Yes, I know what you mean.  I find my process has evolved as well.  My sequel definitely took me less time to finish than my first historical because I was far more organized.  But, enough about me.

What do you have planned next?  Or is that a secret?

My next book is well on the way to publication. It will be called Shameless Corruption, and is a romantic suspense set around the soccer World Cup in Brazil. The heroine, Caroline, becomes involved with a betting syndicate which is aiming to fix the result of the competition. She infiltrates the conspiracy; I hope it is all complete fiction.

Oh, great!  I was wondering if we'd see Caroline again.

So, is there anything you'd like to add?  Any advice for new writers?

Every new writer is embarking on their own voyage of exploration. It’s good to read a few guides, see what other people are doing, and listen to any advice on offer. But the path for every writer is different, it is a long journey, probably longer than you ever imagined, and there are no short cuts. So you might as well have fun riding the ups and downs on the way.

So very true, Robert.

Readers, here is the blurb for The Catch

Alana Carragher has finished university, is still living at home in Sydney, and is wondering what to do with her life. Cousin Karen gives her an image make-over to bring her out of her shell. A trip to Melbourne with her brothers for the Ashes Test provides Alana with the chance to meet the Australian captain, whose poster is on her bedroom wall. But there’s a catch; many other women want to meet him too, and there’s a vetting process organized by the team support staff.  

Louis, a funny and interesting post-graduate student from England is sitting in the row behind Alana at The ‘G and he befriends the Carraghers, inviting Alana to stay in Melbourne for a post-match party at his professor’s house. As the match reaches a dramatic conclusion, does Alana have the nerve to miss her flight back to Sydney and fulfill her teenage fantasy?

And here is an excerpt from the book.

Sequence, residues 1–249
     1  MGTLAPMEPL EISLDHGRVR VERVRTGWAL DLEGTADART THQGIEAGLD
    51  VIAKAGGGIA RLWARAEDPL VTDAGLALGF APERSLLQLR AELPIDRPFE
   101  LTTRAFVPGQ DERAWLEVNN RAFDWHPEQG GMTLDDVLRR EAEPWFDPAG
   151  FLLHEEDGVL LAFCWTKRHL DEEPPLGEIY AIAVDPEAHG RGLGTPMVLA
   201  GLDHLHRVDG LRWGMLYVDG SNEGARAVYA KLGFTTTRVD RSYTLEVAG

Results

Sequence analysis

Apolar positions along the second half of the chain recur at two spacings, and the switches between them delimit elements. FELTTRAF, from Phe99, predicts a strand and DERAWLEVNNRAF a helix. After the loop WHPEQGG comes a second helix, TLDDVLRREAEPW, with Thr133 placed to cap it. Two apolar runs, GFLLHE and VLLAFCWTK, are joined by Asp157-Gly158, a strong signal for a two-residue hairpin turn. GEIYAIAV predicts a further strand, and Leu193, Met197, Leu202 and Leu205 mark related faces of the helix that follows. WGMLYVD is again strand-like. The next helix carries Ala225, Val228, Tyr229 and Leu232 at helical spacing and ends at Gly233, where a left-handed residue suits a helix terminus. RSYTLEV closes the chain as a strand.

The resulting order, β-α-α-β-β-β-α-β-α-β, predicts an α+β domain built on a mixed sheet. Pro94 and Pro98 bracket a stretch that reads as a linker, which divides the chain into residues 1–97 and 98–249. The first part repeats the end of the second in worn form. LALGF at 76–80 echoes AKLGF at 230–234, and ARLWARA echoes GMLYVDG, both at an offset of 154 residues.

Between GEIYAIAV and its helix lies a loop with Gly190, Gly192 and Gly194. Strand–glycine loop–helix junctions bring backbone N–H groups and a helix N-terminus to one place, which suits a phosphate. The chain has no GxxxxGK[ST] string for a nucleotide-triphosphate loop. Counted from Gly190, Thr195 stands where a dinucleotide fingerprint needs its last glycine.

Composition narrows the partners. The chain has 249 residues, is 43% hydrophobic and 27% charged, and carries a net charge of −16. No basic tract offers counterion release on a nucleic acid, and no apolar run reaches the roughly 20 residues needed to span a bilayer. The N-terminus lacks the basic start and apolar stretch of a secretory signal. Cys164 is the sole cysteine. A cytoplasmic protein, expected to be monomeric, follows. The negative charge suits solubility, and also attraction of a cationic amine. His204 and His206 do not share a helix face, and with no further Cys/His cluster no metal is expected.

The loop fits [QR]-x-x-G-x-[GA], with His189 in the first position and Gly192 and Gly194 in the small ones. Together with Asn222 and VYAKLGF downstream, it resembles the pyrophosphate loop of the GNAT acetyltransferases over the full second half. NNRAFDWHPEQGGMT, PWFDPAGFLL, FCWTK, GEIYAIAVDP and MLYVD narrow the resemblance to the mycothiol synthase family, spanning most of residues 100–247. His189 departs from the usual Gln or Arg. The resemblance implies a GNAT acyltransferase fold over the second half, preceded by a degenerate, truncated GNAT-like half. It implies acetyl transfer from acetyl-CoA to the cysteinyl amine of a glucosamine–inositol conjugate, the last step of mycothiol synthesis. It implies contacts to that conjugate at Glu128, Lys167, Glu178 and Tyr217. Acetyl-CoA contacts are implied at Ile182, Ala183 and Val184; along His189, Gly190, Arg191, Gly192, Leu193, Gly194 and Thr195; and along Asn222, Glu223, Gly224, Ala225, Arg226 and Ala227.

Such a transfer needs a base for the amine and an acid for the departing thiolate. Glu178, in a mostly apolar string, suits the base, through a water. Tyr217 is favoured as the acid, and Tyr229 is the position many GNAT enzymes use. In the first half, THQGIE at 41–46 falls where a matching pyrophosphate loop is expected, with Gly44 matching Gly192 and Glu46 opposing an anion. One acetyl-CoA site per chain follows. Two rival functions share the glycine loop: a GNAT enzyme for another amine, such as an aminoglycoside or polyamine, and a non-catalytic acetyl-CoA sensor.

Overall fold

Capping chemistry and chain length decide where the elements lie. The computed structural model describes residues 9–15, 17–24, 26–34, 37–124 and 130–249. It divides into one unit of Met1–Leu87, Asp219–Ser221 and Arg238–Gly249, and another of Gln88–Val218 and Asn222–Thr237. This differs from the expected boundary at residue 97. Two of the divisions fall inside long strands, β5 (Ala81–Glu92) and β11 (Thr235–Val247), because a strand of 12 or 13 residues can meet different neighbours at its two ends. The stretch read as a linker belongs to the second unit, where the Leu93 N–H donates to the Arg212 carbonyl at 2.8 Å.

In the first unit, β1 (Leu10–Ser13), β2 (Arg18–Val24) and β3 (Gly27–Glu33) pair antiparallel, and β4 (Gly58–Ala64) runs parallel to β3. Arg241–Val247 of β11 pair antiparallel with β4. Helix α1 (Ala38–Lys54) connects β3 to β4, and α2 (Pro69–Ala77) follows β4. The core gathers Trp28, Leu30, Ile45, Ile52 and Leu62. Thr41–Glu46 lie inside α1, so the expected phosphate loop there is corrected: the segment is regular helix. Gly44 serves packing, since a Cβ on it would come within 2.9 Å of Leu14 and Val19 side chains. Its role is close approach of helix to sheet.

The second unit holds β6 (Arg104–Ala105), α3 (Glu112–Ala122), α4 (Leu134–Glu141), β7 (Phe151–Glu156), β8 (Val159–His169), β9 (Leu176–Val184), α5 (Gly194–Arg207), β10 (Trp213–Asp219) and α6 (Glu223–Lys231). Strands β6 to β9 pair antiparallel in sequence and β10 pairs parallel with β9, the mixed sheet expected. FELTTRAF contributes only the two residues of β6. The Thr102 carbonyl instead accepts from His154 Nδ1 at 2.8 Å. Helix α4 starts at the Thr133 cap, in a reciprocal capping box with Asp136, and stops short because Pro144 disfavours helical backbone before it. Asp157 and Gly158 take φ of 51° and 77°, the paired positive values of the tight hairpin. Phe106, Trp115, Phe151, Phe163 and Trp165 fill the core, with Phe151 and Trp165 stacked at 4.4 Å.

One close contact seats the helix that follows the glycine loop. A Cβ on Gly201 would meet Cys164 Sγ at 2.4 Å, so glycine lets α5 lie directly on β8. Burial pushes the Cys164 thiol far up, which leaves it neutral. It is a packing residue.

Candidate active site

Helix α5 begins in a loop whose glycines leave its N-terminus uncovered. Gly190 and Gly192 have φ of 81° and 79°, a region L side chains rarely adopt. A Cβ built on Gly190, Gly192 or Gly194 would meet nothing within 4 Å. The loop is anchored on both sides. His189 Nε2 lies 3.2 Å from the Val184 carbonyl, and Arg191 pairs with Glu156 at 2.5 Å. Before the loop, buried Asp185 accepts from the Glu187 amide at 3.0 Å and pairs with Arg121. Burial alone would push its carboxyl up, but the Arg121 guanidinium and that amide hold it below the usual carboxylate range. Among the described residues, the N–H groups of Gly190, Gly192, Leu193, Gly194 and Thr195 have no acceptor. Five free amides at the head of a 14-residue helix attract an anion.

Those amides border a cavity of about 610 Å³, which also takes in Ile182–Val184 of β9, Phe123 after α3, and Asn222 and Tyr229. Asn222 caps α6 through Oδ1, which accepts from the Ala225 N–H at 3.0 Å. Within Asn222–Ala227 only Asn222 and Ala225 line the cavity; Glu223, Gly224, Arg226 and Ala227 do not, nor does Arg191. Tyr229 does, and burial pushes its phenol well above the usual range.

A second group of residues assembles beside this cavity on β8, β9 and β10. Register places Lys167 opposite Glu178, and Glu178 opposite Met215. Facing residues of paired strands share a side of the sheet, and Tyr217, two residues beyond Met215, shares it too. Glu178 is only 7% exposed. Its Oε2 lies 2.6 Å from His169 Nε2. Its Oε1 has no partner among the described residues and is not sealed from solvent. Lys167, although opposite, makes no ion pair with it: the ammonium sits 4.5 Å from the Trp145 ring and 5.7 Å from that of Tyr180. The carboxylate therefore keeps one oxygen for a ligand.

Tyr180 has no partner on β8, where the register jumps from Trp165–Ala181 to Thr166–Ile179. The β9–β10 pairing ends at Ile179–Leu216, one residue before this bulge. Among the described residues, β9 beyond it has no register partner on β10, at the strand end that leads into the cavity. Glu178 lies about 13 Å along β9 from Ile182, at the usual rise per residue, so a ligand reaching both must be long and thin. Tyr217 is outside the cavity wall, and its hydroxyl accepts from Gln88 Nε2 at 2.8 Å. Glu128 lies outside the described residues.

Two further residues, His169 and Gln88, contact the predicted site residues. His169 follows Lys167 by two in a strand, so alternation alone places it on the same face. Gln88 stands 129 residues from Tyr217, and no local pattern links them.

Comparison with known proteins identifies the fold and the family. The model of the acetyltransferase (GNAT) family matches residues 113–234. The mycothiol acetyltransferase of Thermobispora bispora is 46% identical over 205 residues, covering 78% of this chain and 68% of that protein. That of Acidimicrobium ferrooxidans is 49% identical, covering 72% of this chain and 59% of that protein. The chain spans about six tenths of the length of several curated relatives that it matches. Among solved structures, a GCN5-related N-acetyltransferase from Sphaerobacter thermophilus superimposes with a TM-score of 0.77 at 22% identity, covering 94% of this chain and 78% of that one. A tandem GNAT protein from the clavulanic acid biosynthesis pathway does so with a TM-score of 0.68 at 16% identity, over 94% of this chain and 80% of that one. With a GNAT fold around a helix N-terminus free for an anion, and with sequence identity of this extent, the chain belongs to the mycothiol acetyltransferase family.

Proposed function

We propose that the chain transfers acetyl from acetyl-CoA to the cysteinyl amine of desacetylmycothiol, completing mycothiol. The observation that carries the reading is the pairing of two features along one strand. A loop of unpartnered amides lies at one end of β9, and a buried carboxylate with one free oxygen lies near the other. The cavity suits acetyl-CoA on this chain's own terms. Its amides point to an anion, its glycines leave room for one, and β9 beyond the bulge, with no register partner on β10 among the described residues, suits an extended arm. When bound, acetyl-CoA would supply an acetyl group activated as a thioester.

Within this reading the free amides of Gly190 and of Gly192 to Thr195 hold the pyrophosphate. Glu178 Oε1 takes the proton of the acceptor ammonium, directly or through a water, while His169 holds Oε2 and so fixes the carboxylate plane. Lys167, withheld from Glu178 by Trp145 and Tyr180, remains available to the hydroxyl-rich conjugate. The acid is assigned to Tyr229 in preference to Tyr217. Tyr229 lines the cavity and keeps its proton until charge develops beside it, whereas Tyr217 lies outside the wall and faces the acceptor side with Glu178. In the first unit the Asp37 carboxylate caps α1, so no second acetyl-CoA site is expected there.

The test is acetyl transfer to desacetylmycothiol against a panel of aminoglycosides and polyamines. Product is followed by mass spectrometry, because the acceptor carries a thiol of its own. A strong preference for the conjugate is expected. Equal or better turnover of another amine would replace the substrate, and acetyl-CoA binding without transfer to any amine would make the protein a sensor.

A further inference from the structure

Behind the back of the Captain, the support staff of the Australian cricket team are running a selection process to determine who will be allowed to meet the first team players.

In the other cubicle, Alana concentrated on the cascading water and turned her back on the men. Kelly shut her eyes and let the water pour over her. It changed the shape of her head as the long black curls stuck to her skin, turning her appearance from bubbly to seductive in seconds. She opened an eye and sneaked a look at the audience. She smiled back at her admirers. Even Alana was taken aback by her stunning looks.

“Wow. I bet you don’t have trouble getting a boyfriend,” said Alana.

“I don’t have trouble getting laid. I do have trouble getting a boyfriend. I wouldn’t be here otherwise. I live in hope of meeting a man who is interested in me, not just my boobs.”

“So is this about getting laid or getting a boyfriend? Because I have someone particular in mind that I’m hoping to meet.”

Kelly leaned in towards Alana so that she could hear her above the sound of the water.

“I heard you say that before. You have to wise up. You can’t afford to be that choosy, not with this lot. You have to take a chance. It might be crap sex or it could be the start of a mind-blowing relationship. You could be with one of the team in two days time, and if not, at least you’ll have had a few free beers. You’ve got to think positive.”